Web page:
Firstly, the zero is a mechanical zero since at rest the dome comes to rest on the cone. Moreover the coils are referenced in relation to the cone since they are fast therewith. Thus even if there is deformation of the body of the flow-meter, the distance at zero between the dome and the measuring coil will remain constant. Moreover as regards the displacement detector, it is of interest, in order to minimise the temperature drift of the zero, to arrange that for it there should be as good as possible an equilibration at zero. For this purpose, as seen, a stay-piece is disposed between the reference coil and the washer so that the distance between the latter and the reference coil at rest should be equal to the distance between the measuring coil and the dome. Taking account of the tolerances and the dimensioning of the parts, it is possible to obtain a spacing of 0.05 mm. in a series production (0.1 mm. would be tolerable).

Furthermore, in the preferred form of embodiment, the displacement detector is an eddy-current detector, the principle of which is recalled in FIG. 3. The coils 7 and 8 in series respectively with the resistors 18 and 19 of substantially equal value, receive an applied square-wave voltage of fixed frequency and cyclic ratio through the intermediary of the transistor 17 and the free-wheel diode 20. The apparent inductance of the coil 7 is modified by the displacement of a non-magnetic metallic piece such as the dome 4. It is shown that it is particularly advantageous for the temperature stability of the zero to add to this basic assembly the potentiometer 21 which permits perfecting of the equilibration of the voltage V.sub.A and V.sub.B at zero.

The combination of these precautions permits of attaining a zero drift below 0.2% in the temperature range.

7. Hysteresis and repeatability: the hysteresis is nil and the repeatability is perfect provided that the surface conditions of the cone and of the hole in the dome are excellent. With these small dimensions it is possible to obtain a polished surface condition at minimal cost. In fact it is necessary that at zero the dome should find its natural position of equilibrium with the least possible solid friction.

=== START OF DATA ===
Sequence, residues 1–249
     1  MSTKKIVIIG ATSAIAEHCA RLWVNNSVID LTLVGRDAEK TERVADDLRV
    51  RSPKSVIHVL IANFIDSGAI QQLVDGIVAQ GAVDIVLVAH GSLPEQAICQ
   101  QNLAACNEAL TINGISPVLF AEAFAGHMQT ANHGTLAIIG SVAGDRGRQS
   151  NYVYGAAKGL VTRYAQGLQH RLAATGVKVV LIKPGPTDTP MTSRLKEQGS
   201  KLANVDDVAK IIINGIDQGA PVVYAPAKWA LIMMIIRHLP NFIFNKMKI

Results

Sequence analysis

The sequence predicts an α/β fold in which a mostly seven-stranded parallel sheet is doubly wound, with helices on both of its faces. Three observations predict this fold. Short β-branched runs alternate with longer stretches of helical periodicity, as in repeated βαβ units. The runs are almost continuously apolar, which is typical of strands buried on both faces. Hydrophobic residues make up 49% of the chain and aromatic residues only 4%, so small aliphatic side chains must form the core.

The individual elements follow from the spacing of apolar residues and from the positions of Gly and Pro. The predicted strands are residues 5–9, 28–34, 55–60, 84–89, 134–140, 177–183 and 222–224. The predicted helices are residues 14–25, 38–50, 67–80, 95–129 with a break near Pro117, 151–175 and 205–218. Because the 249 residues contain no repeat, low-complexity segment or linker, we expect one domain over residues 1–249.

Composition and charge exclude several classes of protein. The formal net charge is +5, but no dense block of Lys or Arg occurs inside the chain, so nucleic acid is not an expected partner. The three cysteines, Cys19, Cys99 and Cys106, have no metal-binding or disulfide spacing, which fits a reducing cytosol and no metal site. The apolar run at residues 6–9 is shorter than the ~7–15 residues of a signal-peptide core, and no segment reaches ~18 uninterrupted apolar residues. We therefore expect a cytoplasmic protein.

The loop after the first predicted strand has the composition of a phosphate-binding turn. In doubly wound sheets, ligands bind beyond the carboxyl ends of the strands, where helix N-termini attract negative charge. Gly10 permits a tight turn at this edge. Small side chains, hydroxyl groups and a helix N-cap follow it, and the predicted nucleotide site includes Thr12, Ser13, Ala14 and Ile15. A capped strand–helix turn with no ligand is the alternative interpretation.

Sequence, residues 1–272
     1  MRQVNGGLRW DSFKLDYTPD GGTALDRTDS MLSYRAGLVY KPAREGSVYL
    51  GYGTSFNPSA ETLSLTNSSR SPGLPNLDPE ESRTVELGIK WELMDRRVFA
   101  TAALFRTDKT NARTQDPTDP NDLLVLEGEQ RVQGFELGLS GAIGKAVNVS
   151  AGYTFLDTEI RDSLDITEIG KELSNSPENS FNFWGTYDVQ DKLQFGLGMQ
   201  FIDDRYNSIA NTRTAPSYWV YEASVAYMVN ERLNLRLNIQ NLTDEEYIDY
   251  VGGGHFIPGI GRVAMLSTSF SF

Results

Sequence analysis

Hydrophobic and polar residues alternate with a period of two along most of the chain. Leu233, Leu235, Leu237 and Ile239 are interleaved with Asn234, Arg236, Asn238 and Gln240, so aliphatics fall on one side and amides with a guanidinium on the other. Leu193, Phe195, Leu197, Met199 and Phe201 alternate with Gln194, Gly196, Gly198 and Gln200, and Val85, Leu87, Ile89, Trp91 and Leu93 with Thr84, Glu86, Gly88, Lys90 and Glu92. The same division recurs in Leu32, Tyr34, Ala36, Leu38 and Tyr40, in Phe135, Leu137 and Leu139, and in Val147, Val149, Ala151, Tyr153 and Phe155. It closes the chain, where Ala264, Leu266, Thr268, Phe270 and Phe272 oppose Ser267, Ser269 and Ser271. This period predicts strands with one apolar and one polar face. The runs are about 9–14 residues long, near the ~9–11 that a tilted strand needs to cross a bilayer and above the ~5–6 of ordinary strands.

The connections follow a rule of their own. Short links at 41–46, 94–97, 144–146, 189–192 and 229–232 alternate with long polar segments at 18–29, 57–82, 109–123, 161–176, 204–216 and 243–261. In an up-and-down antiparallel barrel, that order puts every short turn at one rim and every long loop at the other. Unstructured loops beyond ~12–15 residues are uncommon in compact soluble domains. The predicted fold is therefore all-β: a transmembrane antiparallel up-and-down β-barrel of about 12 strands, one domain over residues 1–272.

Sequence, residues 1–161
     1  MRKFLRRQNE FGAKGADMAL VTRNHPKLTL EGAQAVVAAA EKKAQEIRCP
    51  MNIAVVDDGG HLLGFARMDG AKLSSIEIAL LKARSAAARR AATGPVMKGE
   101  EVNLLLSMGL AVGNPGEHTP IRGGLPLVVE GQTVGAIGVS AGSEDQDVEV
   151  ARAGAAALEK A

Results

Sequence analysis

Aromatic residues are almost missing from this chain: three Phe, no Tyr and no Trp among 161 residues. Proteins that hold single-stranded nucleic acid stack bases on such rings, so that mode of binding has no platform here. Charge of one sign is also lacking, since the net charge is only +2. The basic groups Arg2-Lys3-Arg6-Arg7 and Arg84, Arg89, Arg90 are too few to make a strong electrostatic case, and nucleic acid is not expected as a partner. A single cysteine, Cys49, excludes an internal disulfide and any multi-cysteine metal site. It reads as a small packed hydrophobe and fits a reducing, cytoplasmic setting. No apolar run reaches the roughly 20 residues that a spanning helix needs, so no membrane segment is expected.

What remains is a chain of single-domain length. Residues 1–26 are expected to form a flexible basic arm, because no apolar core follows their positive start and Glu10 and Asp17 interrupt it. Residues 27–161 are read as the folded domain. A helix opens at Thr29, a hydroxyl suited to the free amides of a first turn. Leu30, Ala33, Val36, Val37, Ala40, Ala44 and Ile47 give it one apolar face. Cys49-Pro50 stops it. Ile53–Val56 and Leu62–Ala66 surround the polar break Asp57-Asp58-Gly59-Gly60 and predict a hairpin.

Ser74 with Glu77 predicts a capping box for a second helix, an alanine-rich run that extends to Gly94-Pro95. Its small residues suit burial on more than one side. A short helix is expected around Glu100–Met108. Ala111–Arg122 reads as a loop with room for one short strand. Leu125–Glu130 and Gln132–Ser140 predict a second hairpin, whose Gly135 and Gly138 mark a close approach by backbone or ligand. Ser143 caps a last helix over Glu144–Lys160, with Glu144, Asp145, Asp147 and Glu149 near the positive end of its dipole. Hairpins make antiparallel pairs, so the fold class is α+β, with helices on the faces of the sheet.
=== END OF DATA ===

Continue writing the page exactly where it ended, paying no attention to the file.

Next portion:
8. At very low flow rates, below 2 l./h., the influence of the losses by viscosity is great and it increases the displacement of the dome, causing a non-linearity in this zone. The approximate formula which takes account of the losses by viscosity is the following: ##EQU3## wherein .mu.=dynamic viscosity

.lambda.=viscous passage length

Thus the term ##EQU4## is the term of viscosity which has the effect that at low flow rates the values of e are higher than the values given by formula (D).

Several solutions are possible for re-establishing linearity at low flow rates:

to organise a known leakage of the valve or pierce a hole in the dome in order to offset the fluidic response curve;

to effect an electronic compensation either by action upon the linearity of the electronic part at low flow rates, or simply by shifting the zero.

The results are comparable.

9. Adequacy of the preferred displacement detector: the eddy-current displacement detector is particularly adapted since it combines the following qualities:

very low cost for exceptional performance,

no contact with the element the displacement of which is to be measured,

very low zero drift,

sensitivity in accordance with the full-scale displacement of the movable element-app. 1 mm. for 50 l./h. and for a hole of diameter 4 mm.,

taking account of the mean value of the displacement of the dome, which permits improving performances as regards repeatability,

possibility of integration, at the electronic level, of the thermal compensations aiming at diminishing the drift due for example to the temperature variation of the volume mass of the fluid. Other compensations are possible.

10. Protection valve: for reasons of protection of the diaphragm, a non-return valve can be fitted at the exit of the flow-meter to avoid the pressure rising in the upper chamber 12. Likewise a filter can be incorporated in the flow-meter.